Today, I'm reviewing the quiet and beautiful Love Letters to the Dead. It's a beautifully tragic debut from talented new voice Ava Dellaria, and I feel so fortunate to have had the opportunity to read it.
Hardcover, 323 pages
Expected publication: April 1st 2014 by Farrar, Straus and Giroux (BYR)
Format read: E-ARC via publisher
Synopsis via publisher:
Laurel chooses Kurt Cobain because her sister, May, loved him. And he died young, just like May did. Soon, Laurel has a notebook full of letters to people like Janis Joplin, Amy Winehouse, Amelia Earhart, Heath Ledger, and more; though she never gives a single one of them to her teacher. She writes about starting high school, navigating new friendships, falling in love for the first time, learning to live with her splintering family. And, finally, about the abuse she suffered while May was supposed to be looking out for her. Only then, once Laurel has written down the truth about what happened to herself, can she truly begin to accept what happened to May. And only when Laurel has begun to see her sister as the person she was; lovely and amazing and deeply flawed; can she begin to discover her own path.
It definitely sounded like a unique story from the synopsis, but I just wasn't sure how a novel completely centered on a girl writing to deceased icons would work. How exactly does a person develop an character arc that way? But then I began reading. Slowly and surely, I was sucked into the quietly thoughtful world of Laurel.
After she's asked to pen a letter to a deceased icon in her freshman English class, Laurel decides to choose Kurt Cobain. He's a tragic and eternal figure who died young, just as Laurel's sister May did. But long after the assignment's due date, Laurel continues writing to other figures, not only sharing the details of her day-to-day life, but also the events that led up to May's untimely death.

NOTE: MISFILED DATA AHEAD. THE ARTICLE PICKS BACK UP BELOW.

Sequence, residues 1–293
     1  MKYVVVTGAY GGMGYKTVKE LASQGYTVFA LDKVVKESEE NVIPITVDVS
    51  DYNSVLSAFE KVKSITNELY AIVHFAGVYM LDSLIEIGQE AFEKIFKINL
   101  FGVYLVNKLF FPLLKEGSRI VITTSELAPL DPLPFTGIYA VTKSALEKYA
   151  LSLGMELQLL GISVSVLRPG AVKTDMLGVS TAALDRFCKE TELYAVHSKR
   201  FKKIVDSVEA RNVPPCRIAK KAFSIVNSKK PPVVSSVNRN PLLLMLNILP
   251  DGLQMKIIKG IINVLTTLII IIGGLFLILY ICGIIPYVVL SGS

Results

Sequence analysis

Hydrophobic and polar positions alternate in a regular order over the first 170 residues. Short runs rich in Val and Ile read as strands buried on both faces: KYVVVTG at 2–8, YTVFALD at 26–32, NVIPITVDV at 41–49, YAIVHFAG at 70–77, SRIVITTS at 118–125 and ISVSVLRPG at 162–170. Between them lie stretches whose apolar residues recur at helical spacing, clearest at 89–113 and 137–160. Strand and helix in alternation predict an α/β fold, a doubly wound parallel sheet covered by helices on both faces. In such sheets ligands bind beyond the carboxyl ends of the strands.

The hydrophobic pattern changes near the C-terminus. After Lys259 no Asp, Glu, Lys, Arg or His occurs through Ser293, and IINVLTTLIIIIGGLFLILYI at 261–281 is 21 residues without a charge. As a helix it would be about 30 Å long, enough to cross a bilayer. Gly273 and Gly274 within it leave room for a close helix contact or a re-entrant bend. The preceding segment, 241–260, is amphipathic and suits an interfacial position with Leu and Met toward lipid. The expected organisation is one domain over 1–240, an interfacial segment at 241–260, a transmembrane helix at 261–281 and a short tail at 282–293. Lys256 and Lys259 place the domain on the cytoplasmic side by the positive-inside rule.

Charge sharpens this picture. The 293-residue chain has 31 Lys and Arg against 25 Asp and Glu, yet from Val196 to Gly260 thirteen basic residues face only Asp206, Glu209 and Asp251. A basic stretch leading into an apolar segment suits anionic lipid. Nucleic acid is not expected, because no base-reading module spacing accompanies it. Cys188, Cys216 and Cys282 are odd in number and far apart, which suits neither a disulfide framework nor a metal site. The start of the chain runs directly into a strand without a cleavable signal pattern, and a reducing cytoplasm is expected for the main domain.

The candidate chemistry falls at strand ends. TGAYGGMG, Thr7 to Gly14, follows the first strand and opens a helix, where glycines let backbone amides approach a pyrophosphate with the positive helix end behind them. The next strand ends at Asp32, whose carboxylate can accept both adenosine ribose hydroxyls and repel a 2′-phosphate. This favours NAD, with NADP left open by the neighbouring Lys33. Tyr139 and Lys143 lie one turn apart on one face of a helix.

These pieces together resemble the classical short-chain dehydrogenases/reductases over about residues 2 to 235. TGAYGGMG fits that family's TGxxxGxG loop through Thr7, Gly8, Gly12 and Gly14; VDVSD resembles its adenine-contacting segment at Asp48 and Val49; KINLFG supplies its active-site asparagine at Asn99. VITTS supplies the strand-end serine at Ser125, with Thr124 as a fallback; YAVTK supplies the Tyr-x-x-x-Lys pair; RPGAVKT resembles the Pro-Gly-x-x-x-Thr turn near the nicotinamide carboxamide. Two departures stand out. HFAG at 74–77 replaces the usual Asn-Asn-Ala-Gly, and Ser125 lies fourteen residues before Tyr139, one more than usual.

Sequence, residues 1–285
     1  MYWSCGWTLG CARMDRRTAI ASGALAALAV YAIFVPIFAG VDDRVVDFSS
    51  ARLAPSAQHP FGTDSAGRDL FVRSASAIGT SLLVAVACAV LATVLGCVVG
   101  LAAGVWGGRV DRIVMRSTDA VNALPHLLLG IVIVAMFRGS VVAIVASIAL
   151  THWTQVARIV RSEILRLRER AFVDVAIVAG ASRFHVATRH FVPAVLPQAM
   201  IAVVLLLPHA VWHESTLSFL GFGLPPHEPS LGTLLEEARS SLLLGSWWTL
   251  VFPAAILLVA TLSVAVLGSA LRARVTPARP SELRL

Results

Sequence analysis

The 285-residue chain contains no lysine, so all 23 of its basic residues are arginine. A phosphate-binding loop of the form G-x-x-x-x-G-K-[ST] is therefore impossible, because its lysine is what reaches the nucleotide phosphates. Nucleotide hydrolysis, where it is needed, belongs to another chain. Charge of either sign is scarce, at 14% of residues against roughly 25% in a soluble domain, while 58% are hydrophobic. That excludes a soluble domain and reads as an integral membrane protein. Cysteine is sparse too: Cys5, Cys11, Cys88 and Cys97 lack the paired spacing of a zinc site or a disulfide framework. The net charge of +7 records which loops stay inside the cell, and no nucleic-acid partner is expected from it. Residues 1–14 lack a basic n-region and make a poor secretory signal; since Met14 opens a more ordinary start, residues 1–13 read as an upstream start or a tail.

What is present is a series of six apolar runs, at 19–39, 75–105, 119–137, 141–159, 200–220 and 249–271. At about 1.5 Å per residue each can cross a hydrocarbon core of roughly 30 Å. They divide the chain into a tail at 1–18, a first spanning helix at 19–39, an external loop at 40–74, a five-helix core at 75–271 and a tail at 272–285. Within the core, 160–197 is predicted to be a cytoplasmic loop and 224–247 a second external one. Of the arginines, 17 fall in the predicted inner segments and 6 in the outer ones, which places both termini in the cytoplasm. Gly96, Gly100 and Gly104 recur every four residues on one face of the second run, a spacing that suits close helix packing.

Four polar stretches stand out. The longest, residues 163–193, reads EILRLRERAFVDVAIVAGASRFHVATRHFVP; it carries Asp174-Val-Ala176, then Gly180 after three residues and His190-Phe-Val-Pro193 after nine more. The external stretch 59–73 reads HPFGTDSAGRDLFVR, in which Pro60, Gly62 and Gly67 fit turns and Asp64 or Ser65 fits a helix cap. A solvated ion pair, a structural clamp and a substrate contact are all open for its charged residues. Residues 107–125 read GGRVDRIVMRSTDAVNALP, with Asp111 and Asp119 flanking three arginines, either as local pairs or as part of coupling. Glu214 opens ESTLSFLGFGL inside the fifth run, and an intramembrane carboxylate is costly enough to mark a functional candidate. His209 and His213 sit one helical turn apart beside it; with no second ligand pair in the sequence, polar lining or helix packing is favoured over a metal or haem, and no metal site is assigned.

Love Letters to the Dead is a one-sided epistolary novel, but it's narrated through such a unique voice, it absolutely works. Dellaria's Laurel is shy, but also thoughtfully reflects on the events of her life - including the tragedies that have hit her family over the past several years -in a way that is so frank and unassuming, readers will likely feel like they're reading the uncensored journal of a close family member or friend.
Even though readers only get Laurel's limited view on the events that have touched her life, Dellaria expertly uses the letters to show how Laurel is processing those events and gradually moving through the stages of grief. At the same time, Dellaria also slowly unwinds the tale of Laurel and May for readers, to the point where when readers finally find out what has happened to May, it ends up hitting like a freight train, simply because we've grown so attached to her via Laurel.
This is one of those novels where I think it's important to avoid spoilers as much as possible, so I'll just say that I think Dellaria has written a remarkable debut novel that proves that there is still a lot of different ways to effectively communicate a story, and also a lot of ways to effectively communicate emotion in that story.
Of special note: Outside of Laurel's own journey, I think Dellaria has done a remarkable job of showing just how grief can impact (and sadly, fray) a family's bonds. It's starkly realistic, and I think that her portrayal of a family dynamic being broken, is something that a lot of people can relate to.
But this is also exactly why you should read this book. Regardless of how the book affects you on a personal level, I guarantee that it will be a very cathartic reading experience. It will make you feel a little differently about the world around you, and also encourage you to reflect on your life.
I highly recommend this book for fans of contemporary fiction, who are willing to take a risk on the type of literature they bring into their lives.
Disclaimer: I received an e-ARC of Love Letters to the Dead, in exchange for an honest review. Thank you!